Salvation. Salvation is a profound idea. Well, I mean it is far more than an idea. It is something that gets to the core of our humanity. Salvation speaks to something lacking within us, something we all know is missing but have difficulty describing. It shapes our course through life. Whether it is a search for what salvation even means, or the quest to find it, or perhaps the plea for the salvation of someone you now and love, salvation haunts our thoughts and lurks in our feelings. These days, though, salvation has become a taboo topic. It is the thing which binds us together and it is a thing we would rather not discuss. To have any sort of serious conversation about salvation means we must speak seriously about what is wrong, what we need saving from. We must speak about what is broken and torn within us… and we would rather not have those conversations.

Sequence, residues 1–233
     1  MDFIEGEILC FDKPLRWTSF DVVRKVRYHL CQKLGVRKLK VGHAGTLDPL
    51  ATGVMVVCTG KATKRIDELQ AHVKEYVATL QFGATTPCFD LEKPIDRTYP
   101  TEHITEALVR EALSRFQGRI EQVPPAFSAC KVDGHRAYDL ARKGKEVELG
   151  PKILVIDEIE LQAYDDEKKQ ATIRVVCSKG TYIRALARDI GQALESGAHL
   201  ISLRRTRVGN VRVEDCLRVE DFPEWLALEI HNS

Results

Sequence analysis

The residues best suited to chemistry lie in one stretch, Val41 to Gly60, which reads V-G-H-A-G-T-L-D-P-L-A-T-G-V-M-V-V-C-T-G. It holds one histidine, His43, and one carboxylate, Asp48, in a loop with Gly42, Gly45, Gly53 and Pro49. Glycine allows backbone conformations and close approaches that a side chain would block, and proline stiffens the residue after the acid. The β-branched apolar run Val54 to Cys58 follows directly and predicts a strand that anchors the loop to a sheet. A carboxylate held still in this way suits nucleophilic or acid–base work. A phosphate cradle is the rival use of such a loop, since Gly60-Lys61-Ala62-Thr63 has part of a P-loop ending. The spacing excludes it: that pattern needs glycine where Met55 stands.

These days the mantra is, “Nothing is wrong.” If anything makes us feel as though there is something wrong with us it needs to be shut down. We would rather cancel and ban anything discomforting instead of confronting the problem within ourselves. We would never say we need salvation. No, we do not need salvation, we need understanding and acceptance. Throughout Scripture it says mankind loves the darkness rather than the light. Our current climate of declaring everything is okay, there is nothing wrong within us, is a perfect example of that. We have become so good at putting forward fake facades of happiness and contentment that our real struggles and trials stay hidden away in the dark. We do not want to talk about it. We do not want to acknowledge it. Let the things of the dark stay hidden in the dark.